“They also argue about such things as virtue and pleasure. But their chief subject of dispute is the nature of human happiness – on what factor or factors does it depend? Here they seem rather too much inclined to take a hedonistic view, for according to them human happiness consists largely or wholly pleasure….Not that they identify pleasure with every type of pleasure- only with higher ones. Nor do they identify it with virtue- unless they belong to a different school of thought. According to the normal view, happiness is the summum bonum towards which we are naturally impelled by virtue which in their definition means following one’s natural impulses.
” (p.71 & p.72 Hythodaeus’s narrative on Utopian Virtues)
The quote above indicates that pleasure in Utopia is derived from following one’s natural impulses where they “regard the enjoyment of life– that is pleasure – as the natural object of all human efforts, and natural, synonymous with virtuos.” So where exactly is the paradox in Utopian virtue? On the surface, one may easily be fooled by Utopia; a society where hedonistic happyness is pursued while having “very few laws.” However, below the surface of Utopian society lies an inconsistency that implies that happyness emphasized in Utopia isn’t really the happyness its ethics states.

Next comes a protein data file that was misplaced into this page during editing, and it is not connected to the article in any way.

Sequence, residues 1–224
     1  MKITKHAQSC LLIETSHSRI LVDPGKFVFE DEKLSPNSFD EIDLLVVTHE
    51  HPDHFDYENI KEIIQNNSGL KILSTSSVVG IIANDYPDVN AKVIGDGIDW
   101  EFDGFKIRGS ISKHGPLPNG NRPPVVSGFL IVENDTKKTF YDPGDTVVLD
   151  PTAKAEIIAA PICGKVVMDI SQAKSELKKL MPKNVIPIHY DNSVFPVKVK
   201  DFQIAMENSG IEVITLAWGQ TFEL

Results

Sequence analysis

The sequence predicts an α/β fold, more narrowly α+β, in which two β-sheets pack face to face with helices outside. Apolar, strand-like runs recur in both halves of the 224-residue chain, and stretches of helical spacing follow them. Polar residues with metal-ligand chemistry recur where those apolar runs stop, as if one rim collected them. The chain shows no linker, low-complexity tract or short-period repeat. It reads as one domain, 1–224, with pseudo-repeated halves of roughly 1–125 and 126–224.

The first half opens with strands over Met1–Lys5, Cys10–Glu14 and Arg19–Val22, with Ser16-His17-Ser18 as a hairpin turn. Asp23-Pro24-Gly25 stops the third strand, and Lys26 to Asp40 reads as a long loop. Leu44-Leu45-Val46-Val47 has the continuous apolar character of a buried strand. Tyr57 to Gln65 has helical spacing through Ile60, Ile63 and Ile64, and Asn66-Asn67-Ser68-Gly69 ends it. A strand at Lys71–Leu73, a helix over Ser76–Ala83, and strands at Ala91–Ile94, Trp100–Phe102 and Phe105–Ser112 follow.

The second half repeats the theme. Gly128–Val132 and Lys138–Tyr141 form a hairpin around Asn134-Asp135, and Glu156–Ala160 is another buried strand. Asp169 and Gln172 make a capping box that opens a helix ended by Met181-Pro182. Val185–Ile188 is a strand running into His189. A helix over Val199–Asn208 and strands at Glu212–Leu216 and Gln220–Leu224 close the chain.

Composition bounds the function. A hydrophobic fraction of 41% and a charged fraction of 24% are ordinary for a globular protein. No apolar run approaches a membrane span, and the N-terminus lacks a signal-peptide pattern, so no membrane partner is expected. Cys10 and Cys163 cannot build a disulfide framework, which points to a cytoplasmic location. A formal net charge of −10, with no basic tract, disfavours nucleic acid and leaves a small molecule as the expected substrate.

If travelling freely gives one pleasure, he/she should do so because in Utopia, it is considered virtuos. If wearing a particular type of style of clothing, hats, accessories gives one pleasure, he/ she should do so because in Utopia, it is considered virtuos. If talking about capital issues gives one, or many pleasure(s), they should do so because in Utopia, it is considered virtuos. As long as an indivual’s pleasure is not at the expense of another, the individual has the freedom to do so in Utopia. The paradox of No Place comes into full effect here because in reality Utopian society is structured to inhibit the very virtue the state stands for.
“Now for the system of local government. The population is divided into groups of thirty households, each of which elects an official called a Styward evey year. Styward is the Old Utopian title – the modern one is District Controller. For every ten Stywards and te households they represent there is a Bench-eater, or Senior District Controller. Each town has two hundred Stywards, who are responsible for electing the Mayor. They do a secret ballot. Every three days the Bencheaters have a meeting with the Mayor, at which they discuss public affairs, and promptlly settle any private disputes. They always invite two Stywards, a different pair each day. It’s capital crime to discuss such questions anywhere except in the Council or the Assembly.” ( P54, Hythodaeus’s narration on Utopias gov.)